The Florida Panthers lost for the first time this season last Saturday, falling to the Boston Bruins 3-2 in a shootout after winning their first eight games. This came two days after the Panthers lost their head coach, Joel Quenneville. Quenneville resigned in the days following the release of a report detailing an investigation by law firm Jenner & Block into an alleged sexual assault that occurred while he was head coach of the Chicago Blackhawks.
According to the report, Quenneville, along with members of senior management, did not take any action after learning that then-video coach Brad Aldrich assaulted a Blackhawks player in 2010. A day after the report came out, Kyle Beach bravely stepped forward to reveal that he was the Blackhawks player in question. A day after that, Quenneville, along with Panthers team president Matt Caldwell and general manager Bill Zito, met with NHL commissioner Gary Bettman, and Quenneville stepped down that night.
Related: NHL Needs to Create a Sexual Assault Policy
Now, the Panthers have a head coaching vacancy. Zito told ESPN, “We’re methodical. We’re not going to rush out and chase anything for the wrong reasons at the wrong time. We’re going to take our time and go through the process”. It’s not yet known what names they are eyeing, but there are a few potential candidates that would make sense.
Following Quenneville’s resignation, assistant Andrew Brunette took over as interim head coach. The 48-year-old Ontario native played over 1,000 games in the NHL. A left winger, he was selected 174th overall in the 1993 NHL Entry Draft by the Washington Capitals. He played in 62 games for the Capitals before being selected in the 1998 NHL Expansion Draft by the Nashville Predators. He made an immediate impact with the Predators, scoring the first goal in the franchise’s history. After one season in Nashville, he went to another expansion team, the Atlanta Thrashers, and played two seasons there.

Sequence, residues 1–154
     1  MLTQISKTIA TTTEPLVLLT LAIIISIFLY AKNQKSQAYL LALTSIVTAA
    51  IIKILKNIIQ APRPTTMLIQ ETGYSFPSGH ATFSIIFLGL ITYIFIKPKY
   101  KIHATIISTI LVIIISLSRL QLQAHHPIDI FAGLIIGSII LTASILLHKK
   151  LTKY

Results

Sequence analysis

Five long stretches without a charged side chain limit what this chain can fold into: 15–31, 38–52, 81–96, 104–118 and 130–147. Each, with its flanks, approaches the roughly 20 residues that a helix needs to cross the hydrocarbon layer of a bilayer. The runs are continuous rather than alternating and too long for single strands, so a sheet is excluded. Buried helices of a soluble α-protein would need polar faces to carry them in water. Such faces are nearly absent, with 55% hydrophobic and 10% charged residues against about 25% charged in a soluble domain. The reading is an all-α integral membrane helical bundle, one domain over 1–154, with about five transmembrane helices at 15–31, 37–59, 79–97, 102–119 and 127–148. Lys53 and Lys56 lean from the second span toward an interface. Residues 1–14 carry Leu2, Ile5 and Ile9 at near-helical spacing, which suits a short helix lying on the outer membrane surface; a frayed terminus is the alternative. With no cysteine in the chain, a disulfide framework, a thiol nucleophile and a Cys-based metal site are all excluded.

His best years came with the Minnesota Wild and Colorado Avalanche. He played for the Wild from 2001 to 2004 and again from 2008 to 2011, and he played for the Avalanche from 2005 to 2008. His best season came in 2006-07, when he scored 83 points (27 goals, 56 assists) for the Avalanche. He also was supremely durable, playing in 509 consecutive games from 2002 to 2009. He played with the Blackhawks during the 2011-12 season and retired in 2013, finishing with 268 goals and 465 assists for his career.
Following his retirement, Brunette joined the Wild organization as a hockey operations advisor. He became an assistant coach in 2014 and served as assistant general manager until 2019. He moved to Florida in 2019 to become an assistant coach under Quenneville, whom he had played for in three seasons.
“He’s a great guy, and I’m sure he’s going to be a great coach for now. It’s not easy for everybody, but we’re going to go through it as a team.”– Panthers forward Jonathan Huberdeau on the appointment of Andrew Brunette as interim head coach
(from: ‘Panthers entrust Andrew Brunette after Quenneville‘ – Tim Reynolds, AP News – 10/29/2021)
As interim coach, Brunette will get an opportunity to show he can be a full-time head coach in the NHL. He defined his current status as “day-to-day”, but right now, he runs the show in Sunrise. Unless he completely fails (which is unlikely with this talented roster), he should receive serious consideration for the permanent head coaching gig.